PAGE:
In one embodiment, the recovery member is a rod having a diameter less than 20 times of an inner diameter of the tube.
For example, the rod may have a diameter ranging from 5 times of the inner diameter of the tube to smaller than the inner diameter of the tube.
The pressing may be carried out by using a press member slidably received in the chamber, wherein one side of the press member is in contact with the paste stored in the chamber and the other side of the press member is adapted to receive a positive pressure source.
The press member may be, for example, a plate.
The weight of the plate and/or the positive pressure source may contribute a drive to the pressing.
In certain embodiments, the reciprocal pushing and pulling of the recovery member may be carried out by suing a pneumatic cylinder.
The recovery member may be arranged to be pushed to invade the paste in the chamber without entering the tube during said pushing.
The paste may be, for example, a liquid-powder mixture having a liquid to solid ratio by volume from about 0.1 to 10, such as
a viscous liquid comprising a polymeric material, which has a viscosity greater than about 500 centipoise.
The orthopaedic paste delivery process of the present invention can be facilitated using a novel two-step method described below.
Contrary to the device depicted in
The two-step orthopaedic paste delivery system of the present invention consists essentially of four structural components and two external forcing mechanisms. The function of each constituent part is described in the following with reference to
1. Orthopaedic Paste Storage Container 40
The container is used to store the orthopaedic paste to be delivered. The inner wall can be a cylinder of any cross sectional shapes. Surface roughness of the inner wall should be minimized to reduce wall friction. Non-stick coating may also be used to further enhance the feeding effectiveness.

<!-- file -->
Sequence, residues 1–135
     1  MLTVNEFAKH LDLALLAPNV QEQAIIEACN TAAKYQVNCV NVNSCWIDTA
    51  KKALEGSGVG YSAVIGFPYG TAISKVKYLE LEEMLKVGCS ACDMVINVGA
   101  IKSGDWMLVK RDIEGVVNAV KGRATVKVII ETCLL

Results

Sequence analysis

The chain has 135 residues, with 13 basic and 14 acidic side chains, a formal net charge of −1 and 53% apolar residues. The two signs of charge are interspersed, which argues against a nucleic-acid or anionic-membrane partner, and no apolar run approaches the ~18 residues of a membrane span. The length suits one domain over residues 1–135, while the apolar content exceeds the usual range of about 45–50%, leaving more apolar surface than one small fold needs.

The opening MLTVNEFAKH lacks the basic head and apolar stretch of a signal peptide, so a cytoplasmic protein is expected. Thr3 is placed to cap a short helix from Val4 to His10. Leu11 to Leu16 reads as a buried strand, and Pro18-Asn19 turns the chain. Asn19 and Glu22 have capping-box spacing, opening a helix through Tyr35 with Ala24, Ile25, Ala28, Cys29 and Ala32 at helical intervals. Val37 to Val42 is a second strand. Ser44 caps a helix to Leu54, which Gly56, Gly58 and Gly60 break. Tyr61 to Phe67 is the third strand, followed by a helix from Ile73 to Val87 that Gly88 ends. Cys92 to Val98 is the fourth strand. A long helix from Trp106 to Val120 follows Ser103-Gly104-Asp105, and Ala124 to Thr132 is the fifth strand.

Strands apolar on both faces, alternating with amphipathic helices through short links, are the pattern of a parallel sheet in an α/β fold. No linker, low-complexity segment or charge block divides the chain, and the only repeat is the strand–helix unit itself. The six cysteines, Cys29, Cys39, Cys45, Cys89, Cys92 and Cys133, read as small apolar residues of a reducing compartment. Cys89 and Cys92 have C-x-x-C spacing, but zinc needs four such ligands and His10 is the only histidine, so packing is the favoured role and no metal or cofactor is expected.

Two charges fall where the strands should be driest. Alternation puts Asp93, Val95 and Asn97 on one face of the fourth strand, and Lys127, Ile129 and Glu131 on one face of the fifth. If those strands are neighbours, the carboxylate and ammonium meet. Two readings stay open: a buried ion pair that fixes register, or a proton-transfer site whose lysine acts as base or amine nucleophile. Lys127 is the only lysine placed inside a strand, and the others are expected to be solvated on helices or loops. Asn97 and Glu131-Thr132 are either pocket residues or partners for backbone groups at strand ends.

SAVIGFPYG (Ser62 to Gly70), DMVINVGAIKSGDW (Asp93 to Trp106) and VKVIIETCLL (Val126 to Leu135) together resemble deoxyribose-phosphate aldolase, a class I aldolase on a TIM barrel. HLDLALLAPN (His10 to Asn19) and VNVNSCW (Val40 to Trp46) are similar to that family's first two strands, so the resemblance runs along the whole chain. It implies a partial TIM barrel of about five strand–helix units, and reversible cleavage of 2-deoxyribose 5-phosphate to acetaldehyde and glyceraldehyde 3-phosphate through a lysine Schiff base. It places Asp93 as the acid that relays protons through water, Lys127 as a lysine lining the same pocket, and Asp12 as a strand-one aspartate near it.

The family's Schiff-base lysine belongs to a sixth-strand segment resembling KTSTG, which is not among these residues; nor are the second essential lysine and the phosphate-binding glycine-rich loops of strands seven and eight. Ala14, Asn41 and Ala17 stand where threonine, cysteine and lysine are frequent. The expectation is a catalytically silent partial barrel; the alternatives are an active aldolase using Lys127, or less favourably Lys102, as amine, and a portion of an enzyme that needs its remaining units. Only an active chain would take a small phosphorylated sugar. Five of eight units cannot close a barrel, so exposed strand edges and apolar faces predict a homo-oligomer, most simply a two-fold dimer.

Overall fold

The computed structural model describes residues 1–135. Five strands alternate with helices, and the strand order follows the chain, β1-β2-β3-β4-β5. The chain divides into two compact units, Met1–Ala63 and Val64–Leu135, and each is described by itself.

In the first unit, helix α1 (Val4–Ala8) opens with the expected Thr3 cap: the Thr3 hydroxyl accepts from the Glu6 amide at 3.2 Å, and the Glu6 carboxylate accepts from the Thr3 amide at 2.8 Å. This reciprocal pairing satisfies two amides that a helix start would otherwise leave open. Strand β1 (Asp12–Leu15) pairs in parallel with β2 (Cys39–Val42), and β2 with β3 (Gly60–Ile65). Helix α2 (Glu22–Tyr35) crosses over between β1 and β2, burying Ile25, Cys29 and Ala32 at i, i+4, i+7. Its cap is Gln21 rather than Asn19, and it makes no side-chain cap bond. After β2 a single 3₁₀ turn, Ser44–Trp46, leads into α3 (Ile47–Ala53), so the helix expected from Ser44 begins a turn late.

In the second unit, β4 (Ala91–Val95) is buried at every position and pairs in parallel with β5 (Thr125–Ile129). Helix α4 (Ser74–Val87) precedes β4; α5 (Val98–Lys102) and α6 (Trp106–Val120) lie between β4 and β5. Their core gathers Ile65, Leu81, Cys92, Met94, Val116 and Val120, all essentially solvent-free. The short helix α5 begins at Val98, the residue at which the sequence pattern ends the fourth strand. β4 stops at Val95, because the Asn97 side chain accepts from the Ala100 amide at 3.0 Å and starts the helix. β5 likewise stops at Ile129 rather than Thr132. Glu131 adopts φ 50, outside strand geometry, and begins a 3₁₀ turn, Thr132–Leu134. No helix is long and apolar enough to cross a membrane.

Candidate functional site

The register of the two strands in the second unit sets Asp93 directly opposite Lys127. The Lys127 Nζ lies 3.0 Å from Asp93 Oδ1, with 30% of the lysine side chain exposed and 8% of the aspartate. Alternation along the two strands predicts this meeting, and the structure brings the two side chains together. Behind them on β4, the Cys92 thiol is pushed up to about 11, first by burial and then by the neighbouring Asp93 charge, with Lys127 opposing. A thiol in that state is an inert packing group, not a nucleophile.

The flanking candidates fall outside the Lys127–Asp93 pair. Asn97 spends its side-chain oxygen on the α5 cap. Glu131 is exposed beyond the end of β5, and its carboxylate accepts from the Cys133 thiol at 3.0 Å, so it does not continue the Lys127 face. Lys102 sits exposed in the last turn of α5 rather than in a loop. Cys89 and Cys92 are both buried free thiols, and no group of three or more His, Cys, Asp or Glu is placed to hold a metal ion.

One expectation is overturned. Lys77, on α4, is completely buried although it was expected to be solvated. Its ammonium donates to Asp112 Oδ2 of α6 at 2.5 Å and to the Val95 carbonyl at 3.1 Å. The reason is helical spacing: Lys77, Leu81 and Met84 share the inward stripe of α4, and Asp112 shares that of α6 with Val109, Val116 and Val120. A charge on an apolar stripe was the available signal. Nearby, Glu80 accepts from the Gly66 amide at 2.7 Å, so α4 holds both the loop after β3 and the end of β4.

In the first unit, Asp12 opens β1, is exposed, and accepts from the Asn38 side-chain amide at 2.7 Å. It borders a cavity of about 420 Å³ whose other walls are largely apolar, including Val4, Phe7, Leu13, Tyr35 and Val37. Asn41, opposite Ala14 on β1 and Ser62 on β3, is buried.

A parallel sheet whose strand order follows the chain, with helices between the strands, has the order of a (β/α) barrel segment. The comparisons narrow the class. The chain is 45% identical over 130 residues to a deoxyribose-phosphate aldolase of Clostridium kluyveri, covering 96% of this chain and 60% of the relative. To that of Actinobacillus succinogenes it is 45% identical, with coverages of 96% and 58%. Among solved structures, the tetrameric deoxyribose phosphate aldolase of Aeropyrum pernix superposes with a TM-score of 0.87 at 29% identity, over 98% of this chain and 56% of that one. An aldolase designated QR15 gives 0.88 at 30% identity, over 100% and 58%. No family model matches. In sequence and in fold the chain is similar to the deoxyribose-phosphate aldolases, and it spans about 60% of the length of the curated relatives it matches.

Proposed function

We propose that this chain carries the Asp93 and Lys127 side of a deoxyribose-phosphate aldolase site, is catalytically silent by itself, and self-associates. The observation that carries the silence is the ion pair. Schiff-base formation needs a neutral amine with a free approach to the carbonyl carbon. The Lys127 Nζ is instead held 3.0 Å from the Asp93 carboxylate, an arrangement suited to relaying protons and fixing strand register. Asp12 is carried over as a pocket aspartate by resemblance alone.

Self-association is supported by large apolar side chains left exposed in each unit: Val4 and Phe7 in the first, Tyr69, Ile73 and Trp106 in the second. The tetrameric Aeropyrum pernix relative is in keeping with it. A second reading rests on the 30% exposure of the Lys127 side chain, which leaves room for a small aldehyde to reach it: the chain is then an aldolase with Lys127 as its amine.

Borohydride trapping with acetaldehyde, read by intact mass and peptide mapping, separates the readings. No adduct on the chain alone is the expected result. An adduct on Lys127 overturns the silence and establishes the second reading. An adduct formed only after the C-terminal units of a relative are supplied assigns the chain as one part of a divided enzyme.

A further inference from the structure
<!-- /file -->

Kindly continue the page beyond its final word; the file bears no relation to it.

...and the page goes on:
2. Injection (outlet) Tube 20
This tube is preferably a substantially constant cross sectional tube, which can be either flexible or rigid. Orthopaedic paste segments will be delivered through this tube into the designated delivery spot.
3. Injection Rod 30
This injection rod has substantially the same cross sectional shape (or a modified shape) as the injection tube 20. The length of the injection rod is selected in such a way that, in the forward stroke, the rod end barely touches the entrance plane of the injection tube 20. For this motion mode, the diameter of the injection rod can be larger than the inner diameter of the injection tube. Practically, the injection rod should have a diameter not too larger than the inner diameter of the injection tube. Preferably, the injection rod should not have a diameter larger than the inner diameter of the injection tube by five times; and more preferably, the injection rod should not have a diameter larger than the inner diameter of the injection tube by three times. For another motion mode, the injection rod may be partly inserted into the injection tube. In this case, the diameter of the injection rod should be a little smaller than the inner diameter of the injection tube. Clearance can be properly selected to facilitate the stroke motion of the injection rod. The length of the rod can vary, depending on how much orthopaedic paste is intended to be left in the injection tube beyond the designated delivery spot.